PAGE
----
The example we use to explain the varying degrees of heaven uses two men with buckets. Two men go down to a river with buckets; one man has a five-gallon bucket, and the other has a one-gallon bucket. They both dip their buckets in the river… whose bucket is fuller? Both buckets are equally full, are they not? We liken heaven to filling our buckets. Everyone’s bucket will be full. The only question is: how big will your bucket be?
There has been a murder in our small town this past week, which doesn't happen often at all. It was very gruesome the way it happened. I know it was a part of God's plan, but why? Did this lady deserve what happened to her? And if she did, does that mean the bad things that happen to children are deserved also? It's really hard for me to understand why such a horrible thing happened to this lady, and it was planned.
Dear Sickened Neighbor,
Murder is a sin (1 Jn 3:15), and it isn’t a part of God’s plan. God can cause a horrible situation to work out for good (Rom 8:28), but that doesn’t mean that He desired for that woman to be murdered. People suffer for various reasons:
- Sometimes we suffer for our own sins (Gal 6:7-8).
- Sometimes we suffer because of others’ choices (like David’s sufferings at the hands of Saul – 1 Sam 20:1).
- Sometimes we suffer in order to glorify God through our suffering and recovery (like the blind man – Jhn 9:2-3).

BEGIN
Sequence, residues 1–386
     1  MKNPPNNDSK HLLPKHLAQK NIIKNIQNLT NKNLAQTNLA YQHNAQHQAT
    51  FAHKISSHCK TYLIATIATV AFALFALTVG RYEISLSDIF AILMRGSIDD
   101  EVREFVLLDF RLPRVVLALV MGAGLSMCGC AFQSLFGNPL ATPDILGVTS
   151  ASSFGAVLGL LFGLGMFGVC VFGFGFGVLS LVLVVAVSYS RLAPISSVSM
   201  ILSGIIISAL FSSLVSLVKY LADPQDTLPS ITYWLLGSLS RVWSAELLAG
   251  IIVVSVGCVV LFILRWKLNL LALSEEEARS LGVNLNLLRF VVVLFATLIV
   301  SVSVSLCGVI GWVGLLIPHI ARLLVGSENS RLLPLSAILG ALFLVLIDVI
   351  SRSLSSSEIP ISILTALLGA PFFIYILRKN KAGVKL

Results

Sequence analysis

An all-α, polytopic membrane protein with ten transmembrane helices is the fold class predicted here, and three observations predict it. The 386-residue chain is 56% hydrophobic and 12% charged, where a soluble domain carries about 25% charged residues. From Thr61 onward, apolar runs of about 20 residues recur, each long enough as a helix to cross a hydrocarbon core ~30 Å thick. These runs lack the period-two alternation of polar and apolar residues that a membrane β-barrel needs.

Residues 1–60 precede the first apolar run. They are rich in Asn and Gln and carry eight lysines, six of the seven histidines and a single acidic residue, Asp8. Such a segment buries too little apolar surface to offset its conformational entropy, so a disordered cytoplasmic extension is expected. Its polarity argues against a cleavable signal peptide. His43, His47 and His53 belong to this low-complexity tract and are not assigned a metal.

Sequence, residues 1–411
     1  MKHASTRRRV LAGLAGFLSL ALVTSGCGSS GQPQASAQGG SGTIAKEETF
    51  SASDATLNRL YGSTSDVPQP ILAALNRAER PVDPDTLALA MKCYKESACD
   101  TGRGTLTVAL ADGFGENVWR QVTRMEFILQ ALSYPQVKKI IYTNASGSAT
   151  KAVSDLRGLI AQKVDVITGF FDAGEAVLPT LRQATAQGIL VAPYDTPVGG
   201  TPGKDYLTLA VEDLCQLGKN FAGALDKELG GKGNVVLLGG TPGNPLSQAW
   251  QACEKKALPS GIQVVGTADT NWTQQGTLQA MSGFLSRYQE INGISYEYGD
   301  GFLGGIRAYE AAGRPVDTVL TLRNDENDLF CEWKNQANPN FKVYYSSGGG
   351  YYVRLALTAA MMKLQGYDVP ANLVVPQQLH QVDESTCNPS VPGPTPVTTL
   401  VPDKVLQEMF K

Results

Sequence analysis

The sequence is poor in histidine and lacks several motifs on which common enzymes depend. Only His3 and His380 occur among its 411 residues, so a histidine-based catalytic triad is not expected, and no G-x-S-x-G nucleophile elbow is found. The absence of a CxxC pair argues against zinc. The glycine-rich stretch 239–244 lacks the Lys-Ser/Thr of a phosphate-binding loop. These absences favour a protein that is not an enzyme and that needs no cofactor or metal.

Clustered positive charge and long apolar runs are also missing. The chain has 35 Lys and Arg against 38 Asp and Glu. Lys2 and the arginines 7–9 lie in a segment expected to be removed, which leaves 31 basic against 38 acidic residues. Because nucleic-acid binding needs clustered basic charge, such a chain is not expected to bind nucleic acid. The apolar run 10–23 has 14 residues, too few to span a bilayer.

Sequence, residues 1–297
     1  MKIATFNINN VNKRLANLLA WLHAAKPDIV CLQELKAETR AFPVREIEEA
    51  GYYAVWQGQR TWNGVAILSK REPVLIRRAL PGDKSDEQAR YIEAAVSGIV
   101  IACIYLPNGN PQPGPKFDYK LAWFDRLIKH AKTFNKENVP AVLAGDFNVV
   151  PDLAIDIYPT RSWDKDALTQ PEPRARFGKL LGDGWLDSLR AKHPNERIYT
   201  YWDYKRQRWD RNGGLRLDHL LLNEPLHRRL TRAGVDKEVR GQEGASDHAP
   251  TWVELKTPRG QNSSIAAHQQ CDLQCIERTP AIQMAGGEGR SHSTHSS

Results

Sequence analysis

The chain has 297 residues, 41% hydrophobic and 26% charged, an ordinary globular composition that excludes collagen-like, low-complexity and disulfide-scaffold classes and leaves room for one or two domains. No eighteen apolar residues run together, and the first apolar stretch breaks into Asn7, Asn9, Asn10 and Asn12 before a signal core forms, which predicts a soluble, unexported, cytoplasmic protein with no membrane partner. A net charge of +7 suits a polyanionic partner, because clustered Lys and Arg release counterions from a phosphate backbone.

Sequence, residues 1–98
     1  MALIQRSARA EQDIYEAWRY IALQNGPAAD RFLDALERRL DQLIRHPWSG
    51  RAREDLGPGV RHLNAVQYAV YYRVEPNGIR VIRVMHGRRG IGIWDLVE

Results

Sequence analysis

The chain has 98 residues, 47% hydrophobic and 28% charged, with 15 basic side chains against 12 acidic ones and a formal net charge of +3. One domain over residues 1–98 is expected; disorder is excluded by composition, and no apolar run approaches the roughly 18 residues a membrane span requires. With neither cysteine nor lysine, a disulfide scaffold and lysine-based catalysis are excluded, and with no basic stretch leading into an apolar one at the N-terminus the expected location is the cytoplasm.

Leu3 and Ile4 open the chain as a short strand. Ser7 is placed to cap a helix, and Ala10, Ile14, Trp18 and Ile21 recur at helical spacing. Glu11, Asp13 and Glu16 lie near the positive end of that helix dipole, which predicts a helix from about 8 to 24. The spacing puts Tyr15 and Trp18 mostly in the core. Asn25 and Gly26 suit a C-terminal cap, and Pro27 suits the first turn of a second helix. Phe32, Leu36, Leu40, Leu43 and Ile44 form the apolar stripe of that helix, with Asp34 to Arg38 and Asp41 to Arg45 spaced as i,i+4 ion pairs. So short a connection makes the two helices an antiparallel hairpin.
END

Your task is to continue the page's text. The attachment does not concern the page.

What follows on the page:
All bad things are a result of sin. When God made the world, He placed mankind in the Garden of Eden and gave us a joyously blissful existence in that paradise. Who caused the pain? We did. It is sin that has brought all of the death, disease, decay, pain, suffering, troubles, and heartaches into our world. We all, in varying degrees, are reaping the benefits of a world with sin in it.
Any advice for a christian who has stumbled along the way, repented, confessed this sin to the elders, got back up, and continued trying to fight the good fight, but left feeling the elders are disgusted, disappointed, and aloof? It breaks my heart because my entire life I have felt rejected by my family, only to feel such love and respect from my spiritual family. Now when the elders see me, they turn away, never shake my hand, and make me feel alienated, rejected, worthless, and so incredibly saddened by my sin; I don't feel worthy of assembling with the saints. I suppose this is simply the consequence of sin. I hate myself.